Cara Mia, Italian for ‘My Beloved’, was credited to Tulio Trapani and Lee Lange. In fact, Trapani was Mantovani, who had arranged the song, and Lange was producer Bunny Lewis. Why did they use aliases? I’m not sure, but it’s the first time we’ve seen a number one with credits for pseudonyms. Why am I mentioning it? Because there’s not a lot that can be said about the song itself, unfortunately.

We’re back in the rather ‘dull, overblown sludge’ territory that seemed so popular in the early 50s, after a run of interesting tracks. Whitfield can hold a note, that’s for sure, but once more I find myself asking how this could be number 1 for so long. Then again I did the same when Bryan Adams lasted so long in the 90s, so perhaps it’s going to be a common theme with the biggest sellers.

Neither artist had a number one again, although Mantovani continued to enjoy huge sales figures for a never-ending stream of albums until his death in 1980. Whitfield fared less well, and although he still had success for a few years, including recording the theme music to the TV series The Adventures of William Tell, he fell out of favour when rock’n’roll took hold. It also didn’t help that he would turn down offers to go to America, preferring to stay put in Hull. He too died in 1980, of a brain haemorrhage while touring Australia.

To end the blog on a more positive note, rationing finally came to a complete end on 4 July, with the news that people could get their hands on as much meat as they liked. Cor!

Written by: Tulio Trapani & Lee Lange

Producer: Bunny Lewis

Weeks at number 1: 10 (2 July-9 September)


Musician Neil Tennant (Pet Shop Boys) – 10 July
Singer Joe Jackson – 11 August
Singer Elvis Costello – 25 August


Physician Henry Valentine Knaggs – 11 July

19. Johnnie Ray – Such a Night (1954)


‘Poor old Johnnie Ray sounded sad upon the radio
He moved a million hearts in mono.’

Immortalised in the video and opening line of Come On Eileen by Dexys Midnight Runners,  it’s a shame that it seems to be what US singer and songwriter Johnnie Ray is best known for these days. As great a song as it is, he deserves better. In many ways the prototype eccentric rock’n’roll star, he was troubled, sexual and most of all, different. He wasn’t a cardigan crooner or your typical teen idol, but for a time he was just as popular. He was a big influence on Elvis Presley, who later covered this song, and Morrissey wore a hearing aid in the early years of the Smiths. He did this because Ray became deaf in his left ear as a child. This no doubt contributed to his unique vocal performances. Ray was one of the first, if not the first star to show you could turn your weaknesses into your greatest strengths. He was influenced by, among others, Kay Starr, whose jazzy, rhythmic singing on previous number 1, Comes A-Long A-Love was one of the earliest signals of rock’n’roll to make the charts. In 1952 he enjoyed his first big success with the double-A side (a rarity in itself back then) of Cry/The Little White Cloud That Cried. On 30 April, his cover of Such a Night became his first UK number 1.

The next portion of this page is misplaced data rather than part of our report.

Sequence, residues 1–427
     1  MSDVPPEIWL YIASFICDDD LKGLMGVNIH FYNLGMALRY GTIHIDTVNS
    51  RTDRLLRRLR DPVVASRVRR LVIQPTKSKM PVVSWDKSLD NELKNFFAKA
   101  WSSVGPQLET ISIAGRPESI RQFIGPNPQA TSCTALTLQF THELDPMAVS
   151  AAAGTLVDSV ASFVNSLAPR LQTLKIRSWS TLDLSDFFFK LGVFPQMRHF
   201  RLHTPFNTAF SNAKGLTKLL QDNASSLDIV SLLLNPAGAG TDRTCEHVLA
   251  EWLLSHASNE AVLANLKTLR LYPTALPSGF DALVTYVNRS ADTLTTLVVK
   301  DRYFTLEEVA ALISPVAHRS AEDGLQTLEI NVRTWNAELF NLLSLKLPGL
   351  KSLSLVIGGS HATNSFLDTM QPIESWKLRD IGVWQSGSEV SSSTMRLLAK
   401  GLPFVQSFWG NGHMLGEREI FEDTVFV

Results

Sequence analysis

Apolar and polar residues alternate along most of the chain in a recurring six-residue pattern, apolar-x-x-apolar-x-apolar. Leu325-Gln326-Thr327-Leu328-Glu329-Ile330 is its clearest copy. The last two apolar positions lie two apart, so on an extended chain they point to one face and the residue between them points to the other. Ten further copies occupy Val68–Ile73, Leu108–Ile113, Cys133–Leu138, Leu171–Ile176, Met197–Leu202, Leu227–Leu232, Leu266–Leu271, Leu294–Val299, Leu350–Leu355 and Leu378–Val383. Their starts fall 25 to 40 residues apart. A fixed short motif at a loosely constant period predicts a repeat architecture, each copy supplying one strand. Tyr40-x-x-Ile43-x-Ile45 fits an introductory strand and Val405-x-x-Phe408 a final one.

Such a Night had originally been hit for soul group The Drifters. It was songwriter Lincoln Chase’s first big hit, and caused some controversy for being a bit too racy for the 1950s. Johnnie Ray had no qualms about not only covering it, but making it sound positively filthy by the usual standards of the day. The lyrics and rhymes are very basic, but it’s all about the delivery with this song, produced by hitmaker Mitch Miller. Ray doesn’t hold back, he grunt and groans, and makes it clear he’s not just talking about kissing his girl. Finally, sex had made it’s way to the top of the charts (the nudge-nudge wink-wink of Guy Mitchell’s Look at That Girl barely compares) and already the likes of Frankie Laine started to look old-fashioned by comparison. It’s not quite there yet, and Ray would do better, but the ingredients of rock’n’roll and pop are noticeable.

Like many of the best entertainers, be they musicians, actors, or comedians, Ray had personal issues, which no doubt helped with the intensity of his live performances. He would pull his hair, drop to his knees and cry, earning the nickname ‘Mr Emotion’ (in this television performance of Such a Night, he reminds me of Jarvis Cocker). He had alcohol problems, probably in part due to his sexuality. Being gay and in the public eye in 1954 wasn’t easy, to put it lightly. In 1951 he was arrested for soliciting an undercover police officer for sex. As he wasn’t famous back then, the newspapers didn’t make a big deal of it. A year later, he married Marilyn Morrison, who knew of the arrest but reckoned she could change his ways. She couldn’t, and they divorced in 1954.